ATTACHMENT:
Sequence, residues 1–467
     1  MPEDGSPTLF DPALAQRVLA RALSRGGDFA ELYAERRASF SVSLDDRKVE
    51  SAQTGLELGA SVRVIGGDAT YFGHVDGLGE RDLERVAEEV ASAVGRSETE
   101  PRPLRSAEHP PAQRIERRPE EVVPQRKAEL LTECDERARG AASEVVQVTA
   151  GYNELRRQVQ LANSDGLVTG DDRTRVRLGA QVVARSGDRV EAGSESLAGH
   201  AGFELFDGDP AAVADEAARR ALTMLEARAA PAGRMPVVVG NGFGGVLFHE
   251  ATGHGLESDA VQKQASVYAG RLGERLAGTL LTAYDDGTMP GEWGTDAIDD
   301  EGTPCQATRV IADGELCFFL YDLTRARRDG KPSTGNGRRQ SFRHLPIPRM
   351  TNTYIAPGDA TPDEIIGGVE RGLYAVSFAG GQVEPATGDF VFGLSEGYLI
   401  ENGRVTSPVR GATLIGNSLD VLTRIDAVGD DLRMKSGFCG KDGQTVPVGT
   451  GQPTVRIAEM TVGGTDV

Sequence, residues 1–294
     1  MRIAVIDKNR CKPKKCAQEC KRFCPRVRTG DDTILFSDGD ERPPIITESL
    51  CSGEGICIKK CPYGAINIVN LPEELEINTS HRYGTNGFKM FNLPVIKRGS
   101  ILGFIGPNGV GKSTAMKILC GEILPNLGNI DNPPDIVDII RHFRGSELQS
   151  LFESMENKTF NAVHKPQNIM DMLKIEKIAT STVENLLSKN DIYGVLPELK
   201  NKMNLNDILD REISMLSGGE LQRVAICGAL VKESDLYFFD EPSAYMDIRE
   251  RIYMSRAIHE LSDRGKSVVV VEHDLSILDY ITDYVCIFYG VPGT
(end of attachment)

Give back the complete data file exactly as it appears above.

Sequence, residues 1–467
     1  MPEDGSPTLF DPALAQRVLA RALSRGGDFA ELYAERRASF SVSLDDRKVE
    51  SAQTGLELGA SVRVIGGDAT YFGHVDGLGE RDLERVAEEV ASAVGRSETE
   101  PRPLRSAEHP PAQRIERRPE EVVPQRKAEL LTECDERARG AASEVVQVTA
   151  GYNELRRQVQ LANSDGLVTG DDRTRVRLGA QVVARSGDRV EAGSESLAGH
   201  AGFELFDGDP AAVADEAARR ALTMLEARAA PAGRMPVVVG NGFGGVLFHE
   251  ATGHGLESDA VQKQASVYAG RLGERLAGTL LTAYDDGTMP GEWGTDAIDD
   301  EGTPCQATRV IADGELCFFL YDLTRARRDG KPSTGNGRRQ SFRHLPIPRM
   351  TNTYIAPGDA TPDEIIGGVE RGLYAVSFAG GQVEPATGDF VFGLSEGYLI
   401  ENGRVTSPVR GATLIGNSLD VLTRIDAVGD DLRMKSGFCG KDGQTVPVGT
   451  GQPTVRIAEM TVGGTDV

Sequence, residues 1–294
     1  MRIAVIDKNR CKPKKCAQEC KRFCPRVRTG DDTILFSDGD ERPPIITESL
    51  CSGEGICIKK CPYGAINIVN LPEELEINTS HRYGTNGFKM FNLPVIKRGS
   101  ILGFIGPNGV GKSTAMKILC GEILPNLGNI DNPPDIVDII RHFRGSELQS
   151  LFESMENKTF NAVHKPQNIM DMLKIEKIAT STVENLLSKN DIYGVLPELK
   201  NKMNLNDILD REISMLSGGE LQRVAICGAL VKESDLYFFD EPSAYMDIRE
   251  RIYMSRAIHE LSDRGKSVVV VEHDLSILDY ITDYVCIFYG VPGT